CEOs in the global technology, media, and telecoms (TMT) sector are embracing AI as a force for good while remaining mindful of unknown, unintended consequences. They also believe more needs to be done to mitigate significant social, ethical and cyber risks.
The EY CEO Outlook Pulse examined attitudes to AI as well along with other risks and challenges facing the world’s leading TMT companies. Research for the report was carried out in June and July of 2023 with 190 TMT CEOs from Europe, Asia-Pacific, and the Americas participating.
The transformative potential of AI has captured the imagination of business leaders, investors and consumers over the past year with tens of billions of dollars being invested in generative AI applications, with drug development, software coding, and entertainment among the areas attracting most interest.
Overall, TMT CEOs have an optimistic view of AI with 61% agreeing that it is a force for good which can drive business efficiency and create positive outcomes for all, such as innovations in healthcare treatments.
They also reject the view that it will have a negative effect on jobs, with 71% agreeing that the impact of AI replacing humans in the workforce will be counter-balanced by the new roles and career opportunities that it creates.
These findings are broadly in line with the overall EY CEO Outlook Pulse survey of 1,200 CEOs across all sectors worldwide where 65% agreed that AI represents a force for good and 66% said its impact on existing jobs will be counterbalanced by the new opportunities it generates.
A keen awareness of the potential downsides of the technology was also in evidence. A large majority of TMT leaders (73%) believe the business community needs to focus much more on the ethical implications of AI and how its use could impact key areas of our lives, such as privacy. Furthermore, 72% of the TMT CEOs surveyed said more needs to be done to mitigate against AI 'bad actors' who could use the technology in harmful ways including the development of new forms of cyber-attacks, deep fakes, and disinformation.
There was also a strong belief that not enough is being done to manage the unintended consequences of AI, which could have significant implications for the business community and society, with 69% of TMT CEOs saying so.
Interestingly, the level of awareness among TMT CEOs was somewhat higher than for CEOs generally. This may be related to the fact that TMT is at the forefront of AI adoption resulting in a heightened perception of the risks associated with the technology.
In Ireland, the initial AI focus can be seen in areas of customer care, with some of the main Irish telecommunications companies deploying AI to drive a more efficient customer experience, while adapting more cost-effective processes through development and coding. However, like global TMT CEOs, there is cautiousness with the risks and a level of oversight is required.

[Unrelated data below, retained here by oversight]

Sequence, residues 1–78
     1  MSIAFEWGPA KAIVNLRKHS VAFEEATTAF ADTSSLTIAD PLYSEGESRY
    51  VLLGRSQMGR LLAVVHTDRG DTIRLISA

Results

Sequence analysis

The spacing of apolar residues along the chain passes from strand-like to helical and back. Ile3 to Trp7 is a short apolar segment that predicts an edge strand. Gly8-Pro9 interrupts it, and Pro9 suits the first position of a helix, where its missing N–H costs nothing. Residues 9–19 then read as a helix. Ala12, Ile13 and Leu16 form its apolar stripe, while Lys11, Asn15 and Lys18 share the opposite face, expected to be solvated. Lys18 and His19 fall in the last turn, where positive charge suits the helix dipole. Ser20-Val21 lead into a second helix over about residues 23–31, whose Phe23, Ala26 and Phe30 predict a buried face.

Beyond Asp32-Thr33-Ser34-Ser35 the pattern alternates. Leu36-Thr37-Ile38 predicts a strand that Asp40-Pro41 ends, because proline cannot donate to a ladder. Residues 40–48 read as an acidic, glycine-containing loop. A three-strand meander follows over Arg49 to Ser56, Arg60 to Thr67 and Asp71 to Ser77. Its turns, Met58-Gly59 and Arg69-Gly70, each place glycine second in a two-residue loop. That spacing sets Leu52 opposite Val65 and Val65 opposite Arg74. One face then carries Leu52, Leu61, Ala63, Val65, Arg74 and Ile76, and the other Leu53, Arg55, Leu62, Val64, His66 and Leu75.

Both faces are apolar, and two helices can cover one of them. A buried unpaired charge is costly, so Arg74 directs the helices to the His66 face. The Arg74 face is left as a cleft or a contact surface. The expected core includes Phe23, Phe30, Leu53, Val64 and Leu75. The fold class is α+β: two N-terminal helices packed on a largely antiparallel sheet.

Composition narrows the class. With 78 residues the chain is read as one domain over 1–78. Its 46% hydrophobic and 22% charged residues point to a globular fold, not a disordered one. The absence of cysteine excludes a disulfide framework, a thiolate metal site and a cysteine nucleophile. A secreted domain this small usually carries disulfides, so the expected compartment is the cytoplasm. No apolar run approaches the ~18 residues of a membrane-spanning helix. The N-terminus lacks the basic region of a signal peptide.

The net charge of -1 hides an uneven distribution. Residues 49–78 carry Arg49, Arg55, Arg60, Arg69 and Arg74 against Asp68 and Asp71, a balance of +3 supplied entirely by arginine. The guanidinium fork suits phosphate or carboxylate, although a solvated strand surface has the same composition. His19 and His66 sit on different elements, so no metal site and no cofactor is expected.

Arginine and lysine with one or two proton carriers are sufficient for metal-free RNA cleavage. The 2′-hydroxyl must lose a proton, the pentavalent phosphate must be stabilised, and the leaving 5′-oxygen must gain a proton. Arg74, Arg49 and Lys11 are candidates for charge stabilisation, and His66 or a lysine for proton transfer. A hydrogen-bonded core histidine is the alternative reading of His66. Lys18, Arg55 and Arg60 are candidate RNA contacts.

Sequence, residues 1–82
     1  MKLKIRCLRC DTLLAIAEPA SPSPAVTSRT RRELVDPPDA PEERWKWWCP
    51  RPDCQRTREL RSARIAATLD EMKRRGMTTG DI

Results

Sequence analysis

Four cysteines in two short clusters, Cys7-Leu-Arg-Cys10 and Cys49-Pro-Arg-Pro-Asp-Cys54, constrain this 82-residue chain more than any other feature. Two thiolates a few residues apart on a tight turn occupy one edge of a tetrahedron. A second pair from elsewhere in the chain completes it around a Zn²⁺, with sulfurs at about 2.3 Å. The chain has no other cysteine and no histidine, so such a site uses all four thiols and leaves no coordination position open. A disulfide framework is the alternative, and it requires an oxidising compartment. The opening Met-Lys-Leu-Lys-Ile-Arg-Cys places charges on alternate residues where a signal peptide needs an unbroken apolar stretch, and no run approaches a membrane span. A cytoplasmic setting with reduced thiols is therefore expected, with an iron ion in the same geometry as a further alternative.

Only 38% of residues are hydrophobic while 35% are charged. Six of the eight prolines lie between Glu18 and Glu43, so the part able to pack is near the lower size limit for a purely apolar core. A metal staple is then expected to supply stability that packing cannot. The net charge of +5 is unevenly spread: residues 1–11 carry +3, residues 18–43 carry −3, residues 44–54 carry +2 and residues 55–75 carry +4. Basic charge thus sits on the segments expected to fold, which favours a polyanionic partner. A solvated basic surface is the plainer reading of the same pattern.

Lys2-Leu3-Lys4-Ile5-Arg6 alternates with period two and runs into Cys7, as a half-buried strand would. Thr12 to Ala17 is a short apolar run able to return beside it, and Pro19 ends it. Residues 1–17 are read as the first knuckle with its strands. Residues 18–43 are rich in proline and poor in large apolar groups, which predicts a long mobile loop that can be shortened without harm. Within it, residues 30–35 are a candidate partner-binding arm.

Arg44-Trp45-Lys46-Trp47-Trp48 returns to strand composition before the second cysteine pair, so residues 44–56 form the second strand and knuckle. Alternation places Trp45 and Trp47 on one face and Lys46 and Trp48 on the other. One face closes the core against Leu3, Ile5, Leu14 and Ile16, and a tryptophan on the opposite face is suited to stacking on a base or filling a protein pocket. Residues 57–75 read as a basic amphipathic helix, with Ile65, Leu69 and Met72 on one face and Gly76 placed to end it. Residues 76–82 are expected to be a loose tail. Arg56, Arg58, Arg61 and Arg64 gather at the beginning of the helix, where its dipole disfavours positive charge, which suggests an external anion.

Ireland headquarters a number of multinational technology companies and major data centres; therefore, the use of AI will have to be carefully thought out across the TMT space, most notable through robust regulatory measures, cyber security and GDPR and privacy considerations.
The generally positive view of AI is being backed by investment with 46% of TMT CEOs saying their organisations have already fully integrated AI-driven product/service changes into the capital allocation process and are actively investing in AI-driven innovation. The same number said they have not made significant capital investments to date but plan to do so in the next 12 months.
The same cannot be said for sustainability, however. While not ignored in capital allocation strategies, just 17% of TMT CEOs said sustainability initiatives are to the fore with substantial resources dedicated to supporting them. 24% said they prioritise sustainability initiatives and allocate a significant portion of capital towards them while 29% said they allocate capital to sustainability initiatives on the same level as other business priorities. 24% said they are not given significant weight when considering capital allocation.
These findings are in line with those of the global survey and suggest a shift in focus towards short-term financial performance on the part of hard pressed CEOs who are contending with today’s volatile geopolitical environment along with continued elevated inflation and interest rates.
Despite those pressures, TMT companies remain focused on growth with 59% of CEOs saying their organisations intend to pursue M&A transactions in the next 12 months while the same number intend to engage in joint ventures or strategic alliances with third parties.
Those intentions reflect a perceptible air of optimism among the majority of survey participants. 54% are moderately or significantly more optimistic about their organisation’s financial performance prospects over the next 12 months. Less than a third (31%) said they were less optimistic.
Finally, TMT CEOs are making use of AI as part of their approach to M&A transactions in areas such as target selection and due diligence. Over a quarter (26%) said they are making significant use of it today across the main elements of the transaction process while 50% said they are making initial use at present and are piloting potential solutions.